I put together a quick demo of some of the (newer) Beryl window animations. Included in the video are samples of Explode, Domino, Glide, Leaf and Razr. Enjoy.
Appropriately, the audio track is “Future” by Sungirl.
And another thousand:
But there’s a grain of sand in the jelly. Between the three, there’s plenty of documentation but very little example code for PyKDE. Enter the new sampler application. Check it out:
Clever Harold was once an ambitious sheep, caring so much for his
fellow ovis that he tried to teach them to fly free of their
life of grazing before eventually being eaten.
His prospects ruined from the inevitable demise of his beloved ram
brothers and ewe sisters, Clever Harold claims to have escaped and
started grazing down a different road. Now he claims to be a web
framework, one written in Python.
And we have the the incredible first interview. Read on dear reader,
but brace yourself for graphic dialog.
Big updates for a small module. The TracPythonDoc wiki macro now has enough features for real use.
In a time long, long ago in a cubicle far, far away, I once wrote a wiki macro for Trac to generate documentation from python modules in a Subversion repository using PythonDoc.
While experimenting with unicode values in Python, PostgreSQL and pyscopg2, I ran a little query like this:
>>> cur.execute("SELECT (note_id, body) FROM troy.morenotes")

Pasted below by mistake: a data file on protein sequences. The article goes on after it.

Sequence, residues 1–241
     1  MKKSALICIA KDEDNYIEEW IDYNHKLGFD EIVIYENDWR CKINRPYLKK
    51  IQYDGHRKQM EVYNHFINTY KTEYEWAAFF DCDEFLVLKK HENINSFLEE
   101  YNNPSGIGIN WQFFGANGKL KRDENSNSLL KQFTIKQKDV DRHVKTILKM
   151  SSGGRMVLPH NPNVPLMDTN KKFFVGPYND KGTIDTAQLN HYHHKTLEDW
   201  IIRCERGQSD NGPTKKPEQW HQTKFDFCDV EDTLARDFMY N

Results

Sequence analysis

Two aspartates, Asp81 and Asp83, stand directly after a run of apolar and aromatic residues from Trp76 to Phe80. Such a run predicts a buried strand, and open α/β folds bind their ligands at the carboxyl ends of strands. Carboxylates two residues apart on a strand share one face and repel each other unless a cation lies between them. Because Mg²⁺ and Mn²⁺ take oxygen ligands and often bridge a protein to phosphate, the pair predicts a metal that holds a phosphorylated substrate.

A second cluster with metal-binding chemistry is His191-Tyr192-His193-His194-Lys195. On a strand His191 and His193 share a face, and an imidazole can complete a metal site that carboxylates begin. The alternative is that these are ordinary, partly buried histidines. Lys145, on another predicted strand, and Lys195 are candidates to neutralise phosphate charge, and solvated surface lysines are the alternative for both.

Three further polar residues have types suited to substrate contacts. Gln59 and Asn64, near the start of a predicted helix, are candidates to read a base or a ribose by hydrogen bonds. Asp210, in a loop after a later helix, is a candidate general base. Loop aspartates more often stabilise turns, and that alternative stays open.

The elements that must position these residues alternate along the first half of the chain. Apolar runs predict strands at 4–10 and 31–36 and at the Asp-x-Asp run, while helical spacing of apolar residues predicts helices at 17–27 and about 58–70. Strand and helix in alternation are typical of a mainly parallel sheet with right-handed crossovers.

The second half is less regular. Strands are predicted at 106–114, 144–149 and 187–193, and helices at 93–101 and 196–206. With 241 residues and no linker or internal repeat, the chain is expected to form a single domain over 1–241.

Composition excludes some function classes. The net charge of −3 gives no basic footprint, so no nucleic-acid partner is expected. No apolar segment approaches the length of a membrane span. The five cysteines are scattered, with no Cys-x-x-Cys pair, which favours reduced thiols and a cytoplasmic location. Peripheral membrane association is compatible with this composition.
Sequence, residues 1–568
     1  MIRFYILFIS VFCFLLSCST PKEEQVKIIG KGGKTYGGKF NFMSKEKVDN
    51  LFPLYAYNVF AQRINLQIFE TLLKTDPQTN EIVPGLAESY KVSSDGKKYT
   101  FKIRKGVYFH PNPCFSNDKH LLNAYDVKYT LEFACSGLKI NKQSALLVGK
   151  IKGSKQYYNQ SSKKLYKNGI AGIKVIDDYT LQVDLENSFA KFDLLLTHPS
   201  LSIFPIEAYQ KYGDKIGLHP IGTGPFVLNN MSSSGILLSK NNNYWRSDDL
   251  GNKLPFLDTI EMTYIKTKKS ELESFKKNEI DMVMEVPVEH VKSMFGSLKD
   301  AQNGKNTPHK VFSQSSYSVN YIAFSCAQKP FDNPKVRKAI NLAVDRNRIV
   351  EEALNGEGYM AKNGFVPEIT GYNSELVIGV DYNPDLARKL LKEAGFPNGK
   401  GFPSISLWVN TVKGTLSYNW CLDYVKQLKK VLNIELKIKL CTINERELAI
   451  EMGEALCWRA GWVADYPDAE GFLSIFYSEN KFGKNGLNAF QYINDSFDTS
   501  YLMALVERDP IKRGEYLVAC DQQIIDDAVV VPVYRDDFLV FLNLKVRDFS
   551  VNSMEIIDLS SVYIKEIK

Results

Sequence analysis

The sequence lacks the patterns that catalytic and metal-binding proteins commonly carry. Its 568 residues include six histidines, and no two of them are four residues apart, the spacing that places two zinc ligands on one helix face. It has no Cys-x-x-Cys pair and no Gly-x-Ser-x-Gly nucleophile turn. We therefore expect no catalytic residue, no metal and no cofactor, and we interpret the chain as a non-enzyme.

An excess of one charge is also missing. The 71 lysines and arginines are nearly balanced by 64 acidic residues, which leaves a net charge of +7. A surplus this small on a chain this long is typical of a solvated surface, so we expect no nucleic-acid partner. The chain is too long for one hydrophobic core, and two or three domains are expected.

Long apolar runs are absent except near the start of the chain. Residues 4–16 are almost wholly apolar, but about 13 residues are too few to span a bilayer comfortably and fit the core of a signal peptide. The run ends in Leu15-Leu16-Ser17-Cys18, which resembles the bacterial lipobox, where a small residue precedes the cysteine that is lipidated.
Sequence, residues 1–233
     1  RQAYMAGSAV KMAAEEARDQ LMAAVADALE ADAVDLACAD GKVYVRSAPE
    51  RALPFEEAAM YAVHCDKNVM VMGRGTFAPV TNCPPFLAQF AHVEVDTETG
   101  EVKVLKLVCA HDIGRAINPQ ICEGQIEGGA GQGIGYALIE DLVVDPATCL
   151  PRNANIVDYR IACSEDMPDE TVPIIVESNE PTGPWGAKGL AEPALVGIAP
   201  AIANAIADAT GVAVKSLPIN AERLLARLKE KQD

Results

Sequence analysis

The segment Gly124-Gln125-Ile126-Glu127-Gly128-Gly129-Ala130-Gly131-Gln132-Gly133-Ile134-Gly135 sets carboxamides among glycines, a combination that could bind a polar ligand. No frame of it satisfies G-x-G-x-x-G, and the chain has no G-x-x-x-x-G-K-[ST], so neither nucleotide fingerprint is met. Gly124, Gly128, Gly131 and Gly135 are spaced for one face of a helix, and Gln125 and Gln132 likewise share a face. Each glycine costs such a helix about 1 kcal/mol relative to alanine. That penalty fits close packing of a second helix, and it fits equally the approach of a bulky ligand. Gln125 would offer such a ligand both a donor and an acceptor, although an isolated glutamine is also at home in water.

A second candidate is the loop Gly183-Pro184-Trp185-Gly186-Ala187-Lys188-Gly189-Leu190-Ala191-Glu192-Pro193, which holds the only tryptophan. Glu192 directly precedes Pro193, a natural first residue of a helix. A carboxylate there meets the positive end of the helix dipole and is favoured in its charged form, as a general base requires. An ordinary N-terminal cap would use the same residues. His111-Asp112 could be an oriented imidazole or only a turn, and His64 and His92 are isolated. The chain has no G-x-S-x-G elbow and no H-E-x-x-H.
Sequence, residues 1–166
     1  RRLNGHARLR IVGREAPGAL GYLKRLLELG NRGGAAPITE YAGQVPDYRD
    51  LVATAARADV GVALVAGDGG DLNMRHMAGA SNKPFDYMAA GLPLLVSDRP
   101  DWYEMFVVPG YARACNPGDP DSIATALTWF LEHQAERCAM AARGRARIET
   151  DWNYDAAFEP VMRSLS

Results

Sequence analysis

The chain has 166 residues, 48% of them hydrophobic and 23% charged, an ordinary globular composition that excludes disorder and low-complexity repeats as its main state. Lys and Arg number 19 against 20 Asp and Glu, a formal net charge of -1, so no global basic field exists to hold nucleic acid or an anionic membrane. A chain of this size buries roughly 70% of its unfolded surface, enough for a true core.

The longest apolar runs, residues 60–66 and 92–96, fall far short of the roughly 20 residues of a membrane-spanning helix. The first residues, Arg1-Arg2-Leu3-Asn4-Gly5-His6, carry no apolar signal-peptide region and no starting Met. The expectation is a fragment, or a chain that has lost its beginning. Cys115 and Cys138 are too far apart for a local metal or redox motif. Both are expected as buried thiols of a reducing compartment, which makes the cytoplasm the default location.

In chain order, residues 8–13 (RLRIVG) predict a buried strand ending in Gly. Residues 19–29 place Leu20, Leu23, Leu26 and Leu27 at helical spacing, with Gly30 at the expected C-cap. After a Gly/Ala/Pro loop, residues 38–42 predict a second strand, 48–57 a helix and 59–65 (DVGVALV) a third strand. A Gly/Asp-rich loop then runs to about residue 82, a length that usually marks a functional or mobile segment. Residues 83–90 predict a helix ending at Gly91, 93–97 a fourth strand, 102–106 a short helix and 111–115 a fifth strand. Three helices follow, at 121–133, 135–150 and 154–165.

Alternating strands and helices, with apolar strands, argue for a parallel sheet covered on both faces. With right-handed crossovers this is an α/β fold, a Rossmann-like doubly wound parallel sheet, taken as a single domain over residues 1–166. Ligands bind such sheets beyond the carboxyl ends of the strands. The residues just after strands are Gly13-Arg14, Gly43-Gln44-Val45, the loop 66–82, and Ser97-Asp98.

[('(1,"The rain in Spain falls mainly in the plains.")',),
('(2,"Twenty dwarves did handstands on the carpet.")',),
Building on the earlier success of creating a pickle data type in PostgreSQL, I’ve come up with this small and comfortable way of automatically serializing and de-serializing python pickles with PostgreSQL and psycopg2.
Thinking of integrating user-defined types in PostgreSQL and psycopg2? Here’s the path I walked, hopefully you can avoid the same pitfalls.
I was after a PostgreSQL data type for storing Python pickles. This seemed simple enough because the database facility for aliasing a type already exists. So the first thing I tried was a CREATE DOMAIN statement in PG, like so:
“Therefore whoever confesses Me before men, him I will also confess before My Father who is in heaven.” – Matthew 10:32
I confess Christ is God. And I will not forget the next verse, either. He said:
“But whoever denies Me before men, him I will also deny before My Father who is in heaven.” – Matthew 10:33
How does a Christian know the will of the Father? This is important to me, because He said:
“Not everyone who says to Me, ‘Lord, Lord,’ shall enter the kingdom of heaven, but he who does the will of My Father in heaven. Many will say to Me in that day, ‘Lord, Lord,’ have we not prophesied in Your name, cast out demons in Your name, and done many wonders in Your name? And then I will declare to them, ‘I never knew you; depart from Me, you who practice lawlessness!'” – Matthew 7:21-23
As for an answer, listen to this passage.
For God may speak in one way, or in another, Yet man does not perceive it. In a dream, in a vision of the night, When deep sleep falls upon men, While slumbering on their beds, Then He opens the ears of men, And seals their instruction. In order to turn man from his deed, And conceal pride from man, He keeps back his soul from the Pit, And his life from perishing by the sword. – Job 33:14-18
That reads as poetry to my mind.